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Effective Use of Alcohol Hand Sanitizers

Eliminating the risk of cross-contamination in pharmaceutical production areas, R&D labs, cleanrooms, and support areas includes effective methods for hand sanitization.

by Hillard Witt
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Alcohol hand sanitizers have been actively in use in the U.S. since the mid-1990s. Initially they were implemented in the food industry to help satisfy HACCP requirements to reduce hand to food contamination. Research indicated that even washing one’s hands with an anti-microbial soap was not sufficient in eliminating cross-contamination. The problem was mostly due to not using proper technique. People would have a tendency to massage their palms when washing their hands and neglecting key areas such as the nails and cuticles, which according to the CDC can account to up to 30-40 percent of transmittable skin flora. With the implementation of hand sanitizers in conjunction with a hand washing program, bacteria levels on hands were shown to drop significantly.

Today, in addition to a significant usage in cleanroom and pharmaceutical applications, many businesses in all sectors are implementing a hand sanitizer program to help protect their employees as well as their products. Over the past few years we have read stories about SARS, flu vaccine shortage, norovirus, pandemic fears from avian flu, and most recently about the spread of MRSA outside of the hospital environment.

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The healthcare industry in the U.S. was a little slower to adopt the alcohol hand sanitizer. There was always a fear that if it were adopted, there would be a drop in hand washing compliance that would then lead to a significant increase in nosocomial infections. However as infections from poor hand hygiene compliance continued to grow, even with significant awareness and training, there were indications from Europe and Asia (particularly Japan), that by including alcohol hand sanitizers as part of the hand hygiene program, there would be a significant reduction in infections. After considerable discussion, the CDC decided to recommend the use of alcohol hand sanitizers in medical facilities. When used properly, they were shown to be very effective. The hope was to not only reduce hospital acquired infections, but to also reduce healthcare workers skin problems caused by multiple hand washings while using harsh anti-microbial soaps. It was concluded that if patients had visible soils on the hands, the healthcare worker needed to wash with soap and water. When no visible soils were present, using the alcohol sanitizer was preferable.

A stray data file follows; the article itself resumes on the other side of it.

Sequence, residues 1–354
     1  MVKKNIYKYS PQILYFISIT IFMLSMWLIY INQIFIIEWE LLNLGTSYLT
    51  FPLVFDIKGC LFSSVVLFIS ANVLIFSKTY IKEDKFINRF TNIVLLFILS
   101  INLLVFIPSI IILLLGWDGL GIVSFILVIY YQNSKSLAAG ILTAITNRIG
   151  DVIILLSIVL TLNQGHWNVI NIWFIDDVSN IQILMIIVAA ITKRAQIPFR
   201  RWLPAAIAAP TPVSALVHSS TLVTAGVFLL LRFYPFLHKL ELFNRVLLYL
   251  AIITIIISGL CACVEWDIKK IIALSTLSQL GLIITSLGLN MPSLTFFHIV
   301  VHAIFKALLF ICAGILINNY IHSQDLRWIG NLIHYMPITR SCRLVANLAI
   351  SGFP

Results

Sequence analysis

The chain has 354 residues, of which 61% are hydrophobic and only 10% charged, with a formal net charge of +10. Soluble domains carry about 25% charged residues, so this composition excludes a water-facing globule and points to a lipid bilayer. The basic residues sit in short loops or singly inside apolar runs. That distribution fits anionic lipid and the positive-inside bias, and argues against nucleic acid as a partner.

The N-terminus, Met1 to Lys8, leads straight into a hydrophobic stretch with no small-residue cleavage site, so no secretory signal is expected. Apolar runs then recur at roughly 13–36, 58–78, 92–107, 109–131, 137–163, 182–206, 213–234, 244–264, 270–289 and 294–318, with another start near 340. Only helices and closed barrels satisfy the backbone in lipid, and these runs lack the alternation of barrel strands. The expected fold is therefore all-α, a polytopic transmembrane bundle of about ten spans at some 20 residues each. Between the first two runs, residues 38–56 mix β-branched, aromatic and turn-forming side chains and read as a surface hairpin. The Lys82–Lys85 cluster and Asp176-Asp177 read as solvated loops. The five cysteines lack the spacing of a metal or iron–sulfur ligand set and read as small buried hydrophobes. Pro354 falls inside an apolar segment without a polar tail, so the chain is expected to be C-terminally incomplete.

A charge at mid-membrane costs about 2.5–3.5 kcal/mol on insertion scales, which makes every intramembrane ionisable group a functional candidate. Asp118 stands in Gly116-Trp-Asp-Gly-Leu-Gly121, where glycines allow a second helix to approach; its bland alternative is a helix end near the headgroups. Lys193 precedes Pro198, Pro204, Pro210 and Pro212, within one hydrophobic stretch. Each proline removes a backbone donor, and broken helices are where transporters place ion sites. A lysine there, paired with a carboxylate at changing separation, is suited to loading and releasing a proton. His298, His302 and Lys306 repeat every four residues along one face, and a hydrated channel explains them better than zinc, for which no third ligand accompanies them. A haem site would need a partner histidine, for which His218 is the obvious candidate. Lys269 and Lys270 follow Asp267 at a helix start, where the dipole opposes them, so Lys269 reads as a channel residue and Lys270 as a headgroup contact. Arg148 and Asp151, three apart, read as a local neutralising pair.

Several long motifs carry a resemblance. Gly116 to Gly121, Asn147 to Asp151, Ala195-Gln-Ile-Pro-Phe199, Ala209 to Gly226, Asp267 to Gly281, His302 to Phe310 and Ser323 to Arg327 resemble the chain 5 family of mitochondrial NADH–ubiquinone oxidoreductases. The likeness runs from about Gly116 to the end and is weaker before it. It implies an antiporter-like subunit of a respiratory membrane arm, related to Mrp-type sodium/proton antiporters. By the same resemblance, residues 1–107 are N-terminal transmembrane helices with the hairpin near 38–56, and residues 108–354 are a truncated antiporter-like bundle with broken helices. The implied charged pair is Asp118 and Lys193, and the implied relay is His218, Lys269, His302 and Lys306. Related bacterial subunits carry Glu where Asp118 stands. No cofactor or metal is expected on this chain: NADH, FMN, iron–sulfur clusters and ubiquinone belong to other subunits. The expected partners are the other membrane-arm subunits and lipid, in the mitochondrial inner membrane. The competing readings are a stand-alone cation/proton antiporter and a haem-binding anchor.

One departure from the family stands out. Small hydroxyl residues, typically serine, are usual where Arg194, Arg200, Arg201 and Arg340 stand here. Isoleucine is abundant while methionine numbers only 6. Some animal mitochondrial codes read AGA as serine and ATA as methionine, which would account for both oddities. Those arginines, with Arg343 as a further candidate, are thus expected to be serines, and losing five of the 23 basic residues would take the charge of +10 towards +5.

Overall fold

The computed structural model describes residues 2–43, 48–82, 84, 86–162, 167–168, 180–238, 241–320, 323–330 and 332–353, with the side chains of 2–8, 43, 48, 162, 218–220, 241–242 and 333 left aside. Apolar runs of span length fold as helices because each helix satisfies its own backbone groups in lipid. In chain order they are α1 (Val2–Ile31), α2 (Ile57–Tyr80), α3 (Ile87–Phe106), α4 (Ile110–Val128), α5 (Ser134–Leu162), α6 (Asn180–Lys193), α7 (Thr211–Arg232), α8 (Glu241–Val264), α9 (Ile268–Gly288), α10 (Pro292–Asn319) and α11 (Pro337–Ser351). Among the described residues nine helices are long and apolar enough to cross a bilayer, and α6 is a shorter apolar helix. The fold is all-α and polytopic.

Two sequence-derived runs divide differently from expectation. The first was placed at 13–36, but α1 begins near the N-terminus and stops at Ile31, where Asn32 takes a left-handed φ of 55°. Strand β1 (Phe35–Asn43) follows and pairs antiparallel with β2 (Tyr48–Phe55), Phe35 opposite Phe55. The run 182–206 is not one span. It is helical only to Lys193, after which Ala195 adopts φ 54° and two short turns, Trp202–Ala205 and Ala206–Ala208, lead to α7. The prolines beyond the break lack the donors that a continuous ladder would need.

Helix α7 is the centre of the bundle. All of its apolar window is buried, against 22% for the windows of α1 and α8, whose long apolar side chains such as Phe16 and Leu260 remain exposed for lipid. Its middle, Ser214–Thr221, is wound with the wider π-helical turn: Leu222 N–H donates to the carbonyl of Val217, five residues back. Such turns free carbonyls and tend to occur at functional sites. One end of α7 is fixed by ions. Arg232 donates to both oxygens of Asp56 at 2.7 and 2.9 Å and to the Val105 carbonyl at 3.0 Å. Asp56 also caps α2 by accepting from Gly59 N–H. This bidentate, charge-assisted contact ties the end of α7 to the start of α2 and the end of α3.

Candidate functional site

There are many types of hand sanitizers including foams, gels, and atomizing sprays. Some include special emollients to protect the skin from drying if they are to be used on bare hands, while some require products without additives for use on gloved hands because of potential transference to products. Generally a solution of 60-70 percent of either ethanol or IPA is considered to be effective against most transient flora. It should be noted, however, that alcohol is not effective against bacterial spores, and in special circumstances such as in certain cleanroom environments, gamma radiation may be required for additional protection.

One final thing that should be noted is that the alcohol will only be effective if it gets to where the bacteria and viruses reside. As with the figure showing missed areas from hand washing, using a similar technique with hand sanitizers will also leave incomplete results. However, there is new “touchless” technology, both foot and electronic eye operated that can be used in conjunction with liquid formulas that allow the sanitizer to be atomized into a wide pattern that offers a more complete coverage, even saturating the nails and cuticles. The bottom line is that the user needs to be aware of their own particular needs and select a sanitizer and dispenser that accomplish what they want. Don’t assume that because you have washed and sanitized that your hands are bacterial free.